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1955 Tragedy aligns pair

By Hayley Gastmeier

[email protected]

The sequel to a tragedy in New Caledonia 60 years ago played out for Masterton woman Rosamunde Mills this week.

Six decades ago Rosamunde watched a man die on the side of a road in Noumea after a car crash.

Rosamunde was raised in New Caledonia where her father was posted after World War II.

Ten years after the war ended in 1945 she attended an Anzac Parade, unveiling the Cross of Sacrifice, at the Bourail New Zealand War Cemetery.

Rosamunde attended the only college on the island and, originally from New Zealand, she taught the French school choir two hymns in English which were sung at the ceremony.

Being the only kiwi, she laid the wreath for all lost New Zealand soldiers.

Vivian Spencer and John Ensor, who both worked for the New Zealand Broadcasting Service, setting up gear to record a ceremony at Bourail Cemetery. The pair were killed in a car crash while travelling back to Noumea to broadcast the service. PHOTO/SUPPLIED
Vivian Spencer and John Ensor, who both worked for the New Zealand Broadcasting Service, setting up gear to record a ceremony at Bourail Cemetery. The pair were killed in a car crash while travelling back to Noumea to broadcast the service. PHOTO/SUPPLIED

“On the way back to Noumea the bus I was in, full of children, was overtaken by a jeep,” Rosamunde said.

“As we rounded the corner there was the jeep, all in pieces, and two guys – they looked dead.

“We didn’t know what was going on. I was 15 at the time. This has haunted me for sixty-one years.”

On Anzac Day 2014 Rosamunde saw a documentary about the South Pacific’s involvement in WWII on Maori Television.

Sisters Georgina and Caroline Hallinan were talking about how their father had been killed in a car crash following the ceremony.

Rosamunde thought “that’s my past, I know that story”.

She found Georgina on Facebook and messaged her. The pieces in the puzzle took some time to come together.

“I heard nothing for over two years and then last week she found my message [in the ‘message request’ folder] and I got a reply.

“She was terribly excited.”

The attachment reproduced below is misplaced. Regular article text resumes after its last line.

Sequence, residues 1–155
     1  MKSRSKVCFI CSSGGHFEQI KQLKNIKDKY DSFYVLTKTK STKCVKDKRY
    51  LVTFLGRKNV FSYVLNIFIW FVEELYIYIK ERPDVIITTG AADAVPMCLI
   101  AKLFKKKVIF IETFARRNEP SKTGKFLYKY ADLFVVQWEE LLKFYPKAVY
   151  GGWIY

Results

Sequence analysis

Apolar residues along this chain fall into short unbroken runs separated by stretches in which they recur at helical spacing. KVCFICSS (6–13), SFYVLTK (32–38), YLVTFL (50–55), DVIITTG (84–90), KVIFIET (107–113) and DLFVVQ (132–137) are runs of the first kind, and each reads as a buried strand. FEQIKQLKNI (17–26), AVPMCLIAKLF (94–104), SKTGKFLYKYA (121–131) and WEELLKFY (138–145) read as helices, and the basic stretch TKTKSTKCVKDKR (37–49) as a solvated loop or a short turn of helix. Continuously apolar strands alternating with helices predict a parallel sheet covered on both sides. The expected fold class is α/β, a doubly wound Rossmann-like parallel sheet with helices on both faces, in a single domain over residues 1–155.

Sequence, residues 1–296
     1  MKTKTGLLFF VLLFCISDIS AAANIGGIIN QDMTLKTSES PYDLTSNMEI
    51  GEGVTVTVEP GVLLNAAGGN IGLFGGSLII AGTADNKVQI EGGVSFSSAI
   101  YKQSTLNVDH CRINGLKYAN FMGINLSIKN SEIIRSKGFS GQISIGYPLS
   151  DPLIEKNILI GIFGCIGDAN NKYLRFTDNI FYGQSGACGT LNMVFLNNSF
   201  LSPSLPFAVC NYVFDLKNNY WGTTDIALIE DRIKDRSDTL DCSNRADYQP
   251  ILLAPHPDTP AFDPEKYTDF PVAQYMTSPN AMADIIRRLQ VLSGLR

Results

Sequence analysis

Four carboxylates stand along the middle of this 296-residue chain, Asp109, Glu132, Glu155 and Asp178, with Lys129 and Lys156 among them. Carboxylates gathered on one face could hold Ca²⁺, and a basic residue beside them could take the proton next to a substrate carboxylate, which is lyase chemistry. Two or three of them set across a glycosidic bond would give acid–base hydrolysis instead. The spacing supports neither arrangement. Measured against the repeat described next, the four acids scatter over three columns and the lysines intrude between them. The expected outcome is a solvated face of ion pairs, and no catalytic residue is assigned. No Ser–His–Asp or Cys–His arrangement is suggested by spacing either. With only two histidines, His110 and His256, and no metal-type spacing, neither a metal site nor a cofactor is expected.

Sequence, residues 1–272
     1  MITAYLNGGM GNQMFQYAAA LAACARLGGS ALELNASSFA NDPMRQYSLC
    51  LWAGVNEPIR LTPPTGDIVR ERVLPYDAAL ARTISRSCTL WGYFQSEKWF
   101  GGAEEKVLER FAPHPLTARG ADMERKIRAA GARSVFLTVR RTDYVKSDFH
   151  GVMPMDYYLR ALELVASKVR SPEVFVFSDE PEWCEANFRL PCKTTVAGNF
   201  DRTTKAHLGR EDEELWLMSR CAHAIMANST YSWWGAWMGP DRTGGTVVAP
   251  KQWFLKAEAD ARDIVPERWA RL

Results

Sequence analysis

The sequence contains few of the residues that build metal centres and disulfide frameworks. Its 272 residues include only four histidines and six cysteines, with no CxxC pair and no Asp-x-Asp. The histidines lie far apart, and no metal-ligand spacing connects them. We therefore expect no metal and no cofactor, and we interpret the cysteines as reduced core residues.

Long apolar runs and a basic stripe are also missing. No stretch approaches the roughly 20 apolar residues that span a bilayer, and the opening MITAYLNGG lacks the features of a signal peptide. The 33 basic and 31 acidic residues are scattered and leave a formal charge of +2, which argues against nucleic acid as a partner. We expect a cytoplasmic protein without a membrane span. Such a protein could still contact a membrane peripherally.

Yesterday Georgina and husband Rob, from Christchurch, visited Rosamunde and her husband, John, in Masterton to share their stories and have lunch.

Georgina’s father was Vivian Spencer, a Radio commentator for the New Zealand Broadcasting Service.

He had gone to Bourail to document the 10-year commemoration service with technician John Ensor.

The pair crashed while driving the 160km to Noumea to broadcast the ceremony tapes to New Zealand.

“My father was killed outright, and the technician was taken to hospital in Noumea and died six weeks later,” said Georgina, who was four at the time.

“Obviously that was a crucial event in my life, it changed my family completely.

“To meet someone who was on the bus and saw it happen is amazing.

“I didn’t even know about the bus.”

3 COMMENTS

  1. How well I remember this sad time in the Spencer family. Thinking of Mrs S, Caroline, Hugh, Georgina and their families as I read this

  2. That is amazing- how satisfying for all of you to meet and know how it happened- and the daughters of the ‘stranger’ who was killed!

  3. what a story, now they can be great friends.. surprising how life comes to life like this and other ways, but great to share it thank you.

Comments are closed.

Emily Ireland
Emily Ireland
Emily Ireland is Wairarapa’s Local Democracy Reporter, a Public Interest Journalism role funded through NZ On Air. Emily has worked at the Wairarapa Times-Age for seven years and has a keen interest in council decision-making and transparency.

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